Chris Suellentrop, a former editor on the NYT’s op-ed page, took to that page Thursday to take on the burning issue of sexism in Super Mario Bros video games. The famous series is making its iPhone debut, but Suellentrop’s young daughter won’t be playing it, because of “Mario’s Not-So-Super Sexism.” He condemned its "stale, retrograde gender stereotypes."
Unfortunately, despite Nintendo’s history and reputation, Super Mario Run is not a family-friendly game -- or at least not one my wife and I will be letting our 6-year-old daughter play. The game is rife with stale, retrograde gender stereotypes -- elements that were perhaps expected in 1985, when the first Super Mario Bros. was released in the United States, but that today are just embarrassing.
Super Mario Run begins, as does almost every Super Mario title, with Princess Peach becoming a hostage who must be rescued by Mario. Just before her ritual kidnapping, Peach invites Mario to her castle and pledges to bake him a cake. Upon her rescue, she kisses Mario. The game also includes a second female character, Toadette, whose job is to wave a flag before and after a race, like a character from “Grease.”
By failing to update Super Mario for a contemporary audience, Nintendo is lagging far behind the Walt Disney Co., one of its closest American analogues....
In isolation, there’s nothing wrong with princesses or baking. My daughters love those things, too. But Super Mario Run relegates its female characters to positions of near helplessness. Peach and Toadette become playable only after you complete certain tasks, which makes the women in the game feel like prizes. (To be fair, the same is true of a few male characters.) Worse, should you then use Peach to defeat her kidnapper, Bowser, you’ll discover that neither Mario nor a kiss is waiting for her as a reward.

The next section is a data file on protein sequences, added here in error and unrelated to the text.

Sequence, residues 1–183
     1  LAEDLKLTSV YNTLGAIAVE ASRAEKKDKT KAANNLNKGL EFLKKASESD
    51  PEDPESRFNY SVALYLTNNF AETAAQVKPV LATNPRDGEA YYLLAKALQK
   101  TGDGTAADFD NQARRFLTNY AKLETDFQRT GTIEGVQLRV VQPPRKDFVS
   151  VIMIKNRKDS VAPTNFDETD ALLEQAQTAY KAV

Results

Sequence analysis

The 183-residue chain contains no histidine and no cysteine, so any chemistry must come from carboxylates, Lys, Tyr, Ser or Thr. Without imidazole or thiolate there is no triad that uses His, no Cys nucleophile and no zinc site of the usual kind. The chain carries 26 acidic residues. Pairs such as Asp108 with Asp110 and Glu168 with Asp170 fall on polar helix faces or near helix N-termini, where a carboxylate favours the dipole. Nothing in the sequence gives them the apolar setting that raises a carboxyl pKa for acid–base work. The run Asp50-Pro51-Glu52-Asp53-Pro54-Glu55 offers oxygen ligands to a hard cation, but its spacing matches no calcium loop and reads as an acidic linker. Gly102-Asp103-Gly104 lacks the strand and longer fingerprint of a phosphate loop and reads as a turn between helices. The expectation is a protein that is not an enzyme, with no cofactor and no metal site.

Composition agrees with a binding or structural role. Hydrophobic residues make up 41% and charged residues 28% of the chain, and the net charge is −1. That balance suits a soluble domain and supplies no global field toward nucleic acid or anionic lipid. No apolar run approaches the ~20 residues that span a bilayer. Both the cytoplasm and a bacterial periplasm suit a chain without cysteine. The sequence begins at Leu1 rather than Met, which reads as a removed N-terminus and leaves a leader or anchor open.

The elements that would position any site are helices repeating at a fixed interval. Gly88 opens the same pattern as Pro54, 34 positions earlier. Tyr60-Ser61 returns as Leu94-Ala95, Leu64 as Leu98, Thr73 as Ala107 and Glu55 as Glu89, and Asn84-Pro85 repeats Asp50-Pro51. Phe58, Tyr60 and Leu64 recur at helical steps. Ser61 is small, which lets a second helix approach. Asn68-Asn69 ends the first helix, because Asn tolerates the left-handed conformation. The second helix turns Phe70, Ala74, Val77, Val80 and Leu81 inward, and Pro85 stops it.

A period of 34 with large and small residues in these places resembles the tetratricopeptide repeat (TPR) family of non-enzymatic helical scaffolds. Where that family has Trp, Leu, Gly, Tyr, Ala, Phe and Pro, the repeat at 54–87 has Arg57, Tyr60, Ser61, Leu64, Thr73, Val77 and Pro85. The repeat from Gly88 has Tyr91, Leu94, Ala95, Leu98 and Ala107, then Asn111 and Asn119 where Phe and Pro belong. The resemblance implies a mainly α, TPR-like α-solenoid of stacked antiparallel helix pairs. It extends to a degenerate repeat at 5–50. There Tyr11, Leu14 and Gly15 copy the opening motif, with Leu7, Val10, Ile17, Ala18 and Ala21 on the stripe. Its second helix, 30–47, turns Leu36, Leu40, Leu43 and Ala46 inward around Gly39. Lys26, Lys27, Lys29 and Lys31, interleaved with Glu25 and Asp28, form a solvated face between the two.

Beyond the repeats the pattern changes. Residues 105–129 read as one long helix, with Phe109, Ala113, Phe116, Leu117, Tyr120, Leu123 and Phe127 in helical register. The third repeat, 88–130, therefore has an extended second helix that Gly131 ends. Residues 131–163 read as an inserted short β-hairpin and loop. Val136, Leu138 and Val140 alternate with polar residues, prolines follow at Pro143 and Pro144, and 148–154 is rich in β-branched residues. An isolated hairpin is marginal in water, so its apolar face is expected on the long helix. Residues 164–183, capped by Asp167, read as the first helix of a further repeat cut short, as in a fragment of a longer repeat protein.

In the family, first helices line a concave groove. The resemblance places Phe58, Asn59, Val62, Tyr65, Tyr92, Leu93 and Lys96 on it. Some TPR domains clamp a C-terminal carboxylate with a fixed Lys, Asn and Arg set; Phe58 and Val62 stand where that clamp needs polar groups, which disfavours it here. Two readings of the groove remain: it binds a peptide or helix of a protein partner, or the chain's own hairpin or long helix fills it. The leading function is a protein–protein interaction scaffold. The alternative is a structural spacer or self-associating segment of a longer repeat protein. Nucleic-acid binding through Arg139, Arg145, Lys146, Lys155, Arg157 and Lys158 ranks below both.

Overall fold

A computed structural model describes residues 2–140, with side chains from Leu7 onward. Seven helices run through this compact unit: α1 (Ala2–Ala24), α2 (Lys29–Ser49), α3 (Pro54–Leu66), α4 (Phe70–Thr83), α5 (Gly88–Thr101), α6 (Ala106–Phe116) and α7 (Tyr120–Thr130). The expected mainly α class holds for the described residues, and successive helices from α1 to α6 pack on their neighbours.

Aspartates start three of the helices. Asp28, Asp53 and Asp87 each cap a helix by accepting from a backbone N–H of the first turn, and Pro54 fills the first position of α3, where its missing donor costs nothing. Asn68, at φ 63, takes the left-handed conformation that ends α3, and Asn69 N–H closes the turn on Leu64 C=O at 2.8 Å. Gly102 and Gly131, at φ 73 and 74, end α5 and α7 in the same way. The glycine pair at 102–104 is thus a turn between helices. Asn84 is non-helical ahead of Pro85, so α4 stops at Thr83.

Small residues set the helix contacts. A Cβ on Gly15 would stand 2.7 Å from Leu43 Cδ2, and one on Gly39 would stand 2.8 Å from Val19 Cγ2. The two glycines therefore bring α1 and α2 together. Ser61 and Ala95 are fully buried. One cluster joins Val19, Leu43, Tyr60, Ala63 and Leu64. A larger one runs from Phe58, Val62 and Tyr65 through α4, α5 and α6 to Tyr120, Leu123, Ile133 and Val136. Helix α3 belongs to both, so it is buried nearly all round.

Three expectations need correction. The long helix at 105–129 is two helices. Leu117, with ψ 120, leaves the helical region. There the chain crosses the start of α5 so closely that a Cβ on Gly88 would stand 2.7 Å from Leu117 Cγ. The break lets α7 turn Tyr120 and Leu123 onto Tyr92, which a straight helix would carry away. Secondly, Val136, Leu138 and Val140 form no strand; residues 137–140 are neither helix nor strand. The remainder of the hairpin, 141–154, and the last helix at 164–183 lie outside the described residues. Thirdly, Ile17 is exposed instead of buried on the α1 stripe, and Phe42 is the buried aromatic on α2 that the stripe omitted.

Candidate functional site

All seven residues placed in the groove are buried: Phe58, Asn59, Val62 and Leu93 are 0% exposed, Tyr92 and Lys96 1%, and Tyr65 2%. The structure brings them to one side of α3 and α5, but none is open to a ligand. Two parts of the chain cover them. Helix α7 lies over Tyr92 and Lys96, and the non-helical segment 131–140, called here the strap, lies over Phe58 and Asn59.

Take a moment to remind yourself that Suellentrop is devoting all this moral outrage to a revamp of a video game set in the Mushroom Kingdom, involving a cartoon Italian plumber rescuing Princess Peach Toadstool from Bowser of the Koopa Kingdom.
He insisted that “Seeing people like yourself depicted as heroic on TV and in movies and video games can have a powerful effect on viewers and players,” then listed in sympathy some agit-prop that in some alternative world qualify as “games.”
This sense of identification gives video games an enormous capacity to create empathy for other people. There are video games in which you play as the parent of a dying child, as a transgender woman beginning hormone replacement therapy, as the son of an alcoholic. But it also presents more conventional game designers with an opportunity to create games in which young girls, and not just young boys, actually become heroes themselves.
Suellentrop, who thinks Video Games Matter, took the politically correct line on the complicated videogame scandal of GamerGate.
His piece is the latest feminist rant in the Times to squeeze the fun out of everything. Two weeks ago it was a Christmas musical with insufficient gender equality among its cast of anthropomorphic reindeer.